How to measure and analyse the texture of food, cosmetics, pharmaceuticals and adhesives.

Tuesday, 20 May 2014

Edible films as scrumptious packaging


Woman holding a grape between teethYummy! Edible Packaging! Eat a drink. Munch your entire yogurt, right through the cap. Indulge in a ball of mousse…

Edible packaging has entered the playing field and can be as tasty as the food it's protecting. Fruits are brilliantly designed since they come in their own protective packaging, so they're easy to toss in a bag and eat on the go. This is exactly the thinking behind the David Edwards WikiCells project.

Last year, Edwards, 51, a bioengineer at Harvard, launched WikiCells, which makes edible packaging for everything from yogurt to coffee and even alcoholic drinks. “We can basically surround any food or beverage with a skin like a grape skin that’s fully edible, and then consume it,” he says.



Inspired by the way a biological cell carries water, Edwards set out to design a similar vessel for food and drink. WikiCells products keep food fresh about as long as conventional packaging by using natural skins like apples and grapes, he says, with insoluble particles that keep out bacteria and other substances. Instead of skin cells, it makes its protective membrane out of a mix of particles from such foods as chocolate and orange, binding them with carbohydrates.

“If you look at architecture, design, and engineering over the last millennia, we’ve been super-inspired by nature, but it’s always the form,” Edwards says. The last 15 years, he says, have seen “this big move to not just mimicking form, but function.”

The Gourmet Packaging Experience
Consumers will be able to eat packaging within the next year, due to a manufacturer of water soluble polymer films Monosol and Harvard wizard Dr David Edwards and his team at Harvard’s Wyss Institute. Both say that the market for edible packaging has yet to be tapped. It will help reduce dependency on plastic as well as the overall amount of food waste. Known for products like dishwasher detergent pods, Monosol is working on edible packaging for items like hot chocolate, drink sticks and oatmeal.

The edible shells are constructed with tiny particles made of chocolate, seeds, algae, nuts, dried fruit, and other nutritious ingredients. This outer coating results in interesting flavor combinations, such as Greek yogurt covered in raspberry skin. The little balls of food look like something you might eat in outer space, but the taste-testers claim they’re delicious and fun… Sound unsanitary? Consumers can wash the outer covering, just like you would wash a piece of fruit. The skin keeps germs out, and the moisture inside. It’s food for the future.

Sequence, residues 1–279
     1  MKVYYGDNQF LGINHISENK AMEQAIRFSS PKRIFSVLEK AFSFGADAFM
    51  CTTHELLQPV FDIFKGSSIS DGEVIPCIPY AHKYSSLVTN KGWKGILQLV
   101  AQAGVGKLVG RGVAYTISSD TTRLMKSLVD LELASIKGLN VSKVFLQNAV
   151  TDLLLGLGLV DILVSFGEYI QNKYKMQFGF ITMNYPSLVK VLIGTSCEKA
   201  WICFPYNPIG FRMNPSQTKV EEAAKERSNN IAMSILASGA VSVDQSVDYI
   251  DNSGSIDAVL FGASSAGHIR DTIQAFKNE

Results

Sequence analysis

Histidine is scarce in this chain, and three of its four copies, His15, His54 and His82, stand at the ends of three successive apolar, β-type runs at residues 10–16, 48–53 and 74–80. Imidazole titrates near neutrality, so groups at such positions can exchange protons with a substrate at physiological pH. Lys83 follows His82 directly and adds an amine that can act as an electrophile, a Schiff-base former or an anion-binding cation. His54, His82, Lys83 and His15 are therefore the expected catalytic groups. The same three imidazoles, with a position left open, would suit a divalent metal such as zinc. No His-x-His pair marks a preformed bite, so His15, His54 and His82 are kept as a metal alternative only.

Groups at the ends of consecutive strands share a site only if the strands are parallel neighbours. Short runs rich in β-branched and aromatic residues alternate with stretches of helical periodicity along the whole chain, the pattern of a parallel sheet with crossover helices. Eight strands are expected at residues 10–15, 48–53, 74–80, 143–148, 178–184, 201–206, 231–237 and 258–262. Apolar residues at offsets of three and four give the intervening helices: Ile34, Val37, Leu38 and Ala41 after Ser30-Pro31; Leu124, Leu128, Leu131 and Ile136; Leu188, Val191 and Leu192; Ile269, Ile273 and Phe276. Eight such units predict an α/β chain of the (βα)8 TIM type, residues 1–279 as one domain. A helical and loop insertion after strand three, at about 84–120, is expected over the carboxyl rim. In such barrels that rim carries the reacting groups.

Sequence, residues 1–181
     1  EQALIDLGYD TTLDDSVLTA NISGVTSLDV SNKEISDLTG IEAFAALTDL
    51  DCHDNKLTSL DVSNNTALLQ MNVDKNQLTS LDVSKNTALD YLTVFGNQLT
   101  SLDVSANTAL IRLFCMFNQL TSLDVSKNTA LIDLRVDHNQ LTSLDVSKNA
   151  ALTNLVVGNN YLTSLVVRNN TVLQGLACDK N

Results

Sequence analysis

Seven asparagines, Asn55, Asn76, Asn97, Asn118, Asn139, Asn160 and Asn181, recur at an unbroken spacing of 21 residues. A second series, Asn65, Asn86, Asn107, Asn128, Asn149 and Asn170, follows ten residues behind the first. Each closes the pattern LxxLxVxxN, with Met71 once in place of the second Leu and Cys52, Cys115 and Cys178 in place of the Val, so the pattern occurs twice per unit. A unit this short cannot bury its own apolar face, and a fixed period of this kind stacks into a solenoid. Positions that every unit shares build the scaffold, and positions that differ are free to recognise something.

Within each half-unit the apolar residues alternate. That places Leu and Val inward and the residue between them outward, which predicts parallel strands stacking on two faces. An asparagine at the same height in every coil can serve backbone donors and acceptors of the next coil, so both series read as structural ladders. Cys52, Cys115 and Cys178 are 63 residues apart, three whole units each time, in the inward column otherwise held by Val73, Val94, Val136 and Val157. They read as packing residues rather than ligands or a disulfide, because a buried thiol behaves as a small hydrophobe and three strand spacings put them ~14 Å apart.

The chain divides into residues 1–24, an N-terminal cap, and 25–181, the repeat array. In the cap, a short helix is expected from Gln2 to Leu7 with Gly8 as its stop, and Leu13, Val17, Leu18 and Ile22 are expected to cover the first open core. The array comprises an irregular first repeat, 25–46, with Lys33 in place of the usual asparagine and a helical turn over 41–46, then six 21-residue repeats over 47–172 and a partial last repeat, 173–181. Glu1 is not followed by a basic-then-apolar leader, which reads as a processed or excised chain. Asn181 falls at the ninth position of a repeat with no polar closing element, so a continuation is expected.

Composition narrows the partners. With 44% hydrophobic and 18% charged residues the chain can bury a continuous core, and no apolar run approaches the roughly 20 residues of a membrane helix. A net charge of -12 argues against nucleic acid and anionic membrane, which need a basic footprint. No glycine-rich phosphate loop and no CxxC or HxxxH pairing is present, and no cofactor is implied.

Rice paper parcels
More familiar and well established film functions 
Edible films are not a new phenomenon; many of us are familiar with leaf gelatine and rice paper. But perhaps less well appreciated are the edible films that can be used as surface coatings to improve durability, enhance appearance, prevent moisture transfer or control the diffusion of preservatives from the exterior into the foodstuff. 

They can also be used to carry active food grade additives or functional ingredients to contribute towards the stability and nutritional value of a food. Edible films offer the promise of microbial stability, convenience, exciting new product developments and even environmental benefits. With the versatility and established safety of many gum polymers, novel applications for such films seem almost limitless.


The increasingly adventurous use of edible films can greatly enhance the organoleptic properties of many foods by incorporating flavourings, colourings and sweeteners into the edible packaging and may offer novel ways to pack individual portions of food. This opens up whole new areas of packaging for products such as soft fruits that for practical reasons are not currently individually wrapped.